Would it be possible to toggle-off the new browser tendency to add operators and quotes?

I loved the 2.1.34 update to the tag system – that overhaul is one of the most welcome and best changes that Anki has implemented in my three years of using it. But I could not stick with that version, and very grumpily downgrade to 2.1.33 before too long. My reason for downgrading was that I cannot stand the tweaks to the browser that automatically set every term into quotes and automatically add superfluous operators to my searches.

I usually am not a complainer at all. But the browser search change… I just cannot stand it! It slows me down by adding unnecessary keystrokes every time I edit a search, it clutters up the looks of my searches by obfuscating the critical information behind superfluous operators and quotation marks, it leads to random unhelpful error messages that interrupt my work, and for the life of me I cannot understand what value it is supposed to be adding. Could it please be possible, either in a future release or in an add-on, to toggle or disable this feature in browser?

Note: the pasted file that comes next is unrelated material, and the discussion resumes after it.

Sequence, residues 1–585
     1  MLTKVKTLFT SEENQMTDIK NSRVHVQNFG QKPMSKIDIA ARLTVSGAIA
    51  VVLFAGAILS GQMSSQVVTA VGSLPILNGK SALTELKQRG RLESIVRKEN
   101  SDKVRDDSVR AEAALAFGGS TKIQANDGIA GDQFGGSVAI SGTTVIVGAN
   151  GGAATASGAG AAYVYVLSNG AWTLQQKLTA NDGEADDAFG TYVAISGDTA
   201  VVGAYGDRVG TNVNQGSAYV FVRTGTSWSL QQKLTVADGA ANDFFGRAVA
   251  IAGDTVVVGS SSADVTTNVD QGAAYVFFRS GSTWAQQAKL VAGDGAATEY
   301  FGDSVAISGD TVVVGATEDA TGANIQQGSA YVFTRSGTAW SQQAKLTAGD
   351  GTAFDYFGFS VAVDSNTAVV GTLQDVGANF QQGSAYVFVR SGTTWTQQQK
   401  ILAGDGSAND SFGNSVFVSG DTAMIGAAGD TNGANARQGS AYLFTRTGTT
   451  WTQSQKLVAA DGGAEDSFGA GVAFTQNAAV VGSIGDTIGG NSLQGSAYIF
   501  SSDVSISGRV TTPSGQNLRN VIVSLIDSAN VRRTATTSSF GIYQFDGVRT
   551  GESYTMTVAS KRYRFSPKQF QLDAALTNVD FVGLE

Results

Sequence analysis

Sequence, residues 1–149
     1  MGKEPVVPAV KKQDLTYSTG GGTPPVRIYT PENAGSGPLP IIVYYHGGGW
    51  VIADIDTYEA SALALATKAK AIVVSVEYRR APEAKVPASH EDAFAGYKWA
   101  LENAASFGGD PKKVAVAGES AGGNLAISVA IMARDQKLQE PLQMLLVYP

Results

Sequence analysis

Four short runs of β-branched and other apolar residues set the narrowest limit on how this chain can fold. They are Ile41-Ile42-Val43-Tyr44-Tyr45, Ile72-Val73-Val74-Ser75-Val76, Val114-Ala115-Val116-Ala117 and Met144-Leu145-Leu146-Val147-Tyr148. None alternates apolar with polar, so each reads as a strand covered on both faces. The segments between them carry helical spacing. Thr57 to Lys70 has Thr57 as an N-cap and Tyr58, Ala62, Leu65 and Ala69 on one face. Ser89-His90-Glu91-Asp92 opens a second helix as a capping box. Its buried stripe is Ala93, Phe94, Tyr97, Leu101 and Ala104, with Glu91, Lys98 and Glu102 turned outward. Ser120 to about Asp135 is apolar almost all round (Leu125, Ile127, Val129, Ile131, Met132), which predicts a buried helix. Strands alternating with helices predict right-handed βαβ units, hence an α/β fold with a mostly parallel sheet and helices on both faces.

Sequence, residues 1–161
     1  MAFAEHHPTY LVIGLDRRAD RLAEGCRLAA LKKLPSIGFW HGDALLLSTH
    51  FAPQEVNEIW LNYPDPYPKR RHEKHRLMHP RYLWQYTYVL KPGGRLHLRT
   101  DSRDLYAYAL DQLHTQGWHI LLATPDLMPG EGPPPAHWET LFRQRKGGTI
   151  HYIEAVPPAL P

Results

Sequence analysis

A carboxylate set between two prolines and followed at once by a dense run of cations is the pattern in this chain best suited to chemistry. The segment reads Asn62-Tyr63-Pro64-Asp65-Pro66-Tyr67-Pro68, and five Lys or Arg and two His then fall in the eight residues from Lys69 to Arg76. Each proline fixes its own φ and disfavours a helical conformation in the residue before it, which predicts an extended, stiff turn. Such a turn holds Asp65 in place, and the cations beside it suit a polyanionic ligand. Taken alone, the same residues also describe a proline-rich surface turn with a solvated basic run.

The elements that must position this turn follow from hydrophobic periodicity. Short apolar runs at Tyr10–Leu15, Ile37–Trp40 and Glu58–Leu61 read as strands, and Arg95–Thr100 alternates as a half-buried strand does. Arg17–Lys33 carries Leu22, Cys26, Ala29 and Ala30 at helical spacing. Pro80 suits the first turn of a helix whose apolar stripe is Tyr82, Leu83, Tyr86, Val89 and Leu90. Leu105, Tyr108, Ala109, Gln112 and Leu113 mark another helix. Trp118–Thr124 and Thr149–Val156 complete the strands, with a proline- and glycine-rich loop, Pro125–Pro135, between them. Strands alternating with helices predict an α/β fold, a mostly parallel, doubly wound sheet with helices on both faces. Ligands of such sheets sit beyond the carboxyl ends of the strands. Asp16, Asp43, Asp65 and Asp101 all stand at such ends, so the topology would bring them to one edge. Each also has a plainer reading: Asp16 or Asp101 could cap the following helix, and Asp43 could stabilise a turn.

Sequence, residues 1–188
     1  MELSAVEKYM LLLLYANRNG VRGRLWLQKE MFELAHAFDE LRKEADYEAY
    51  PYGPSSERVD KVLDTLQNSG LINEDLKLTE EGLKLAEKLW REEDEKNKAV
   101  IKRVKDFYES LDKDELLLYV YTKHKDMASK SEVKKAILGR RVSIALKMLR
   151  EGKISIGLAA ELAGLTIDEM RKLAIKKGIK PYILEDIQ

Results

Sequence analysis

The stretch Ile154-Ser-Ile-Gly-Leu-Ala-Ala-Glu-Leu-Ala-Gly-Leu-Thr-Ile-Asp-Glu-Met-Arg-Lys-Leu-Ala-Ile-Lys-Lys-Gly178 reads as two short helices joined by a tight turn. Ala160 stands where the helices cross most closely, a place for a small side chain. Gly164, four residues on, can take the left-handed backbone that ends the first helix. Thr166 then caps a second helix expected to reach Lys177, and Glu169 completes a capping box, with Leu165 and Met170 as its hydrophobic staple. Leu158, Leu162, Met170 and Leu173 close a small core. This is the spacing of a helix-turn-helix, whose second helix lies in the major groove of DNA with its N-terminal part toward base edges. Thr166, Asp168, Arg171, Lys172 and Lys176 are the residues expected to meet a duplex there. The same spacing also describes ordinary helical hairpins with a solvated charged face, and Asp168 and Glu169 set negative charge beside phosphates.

For an example of what I mean, please compare the following two searches:

  • w:Dickens -cities -twist -copperfield -expectations added:10 flag:1

  • “w:Dickens” AND -“cities” AND -“twist” AND -“copperfield” AND -“expectations” AND “added:10” AND “flag:1”

This is somewhat of an exaggeration of the complexity of my usual searches, but not a particularly reckless one. And which of these two searches does a better job at succinctly and accurately conveying the information sought? In my view, the old search does a far, far better job. This is because the length of the new search in this example is more than 50% greater than the length of the old one, yet all that added length is spent on ANDs and ""s that are nothing more than superfluous visual clutter that the eye must navigate before it can parse the actually useful information out of the search.

I also find the old search much more wieldy when it comes to editing the search. Say I wish to change the search from flag:1 to flag:2 – the old browser would let me accomplish this with two keystrokes (backspace, 2). Whereas the new browser requires four keystrokes (backspace backspace 2 "). Or say I wish to stop excluding results for Great Expectations – the old browser would let me accomplish this with two keystrokes (doubleclick “expectations” then hit backspace backspace). But the new browser requires six or so (doubleclick “expectations” then hit backspace backspace backspace delete then delete either the preceding AND or the following AND). A minor inconvenience, but still an inconvenience.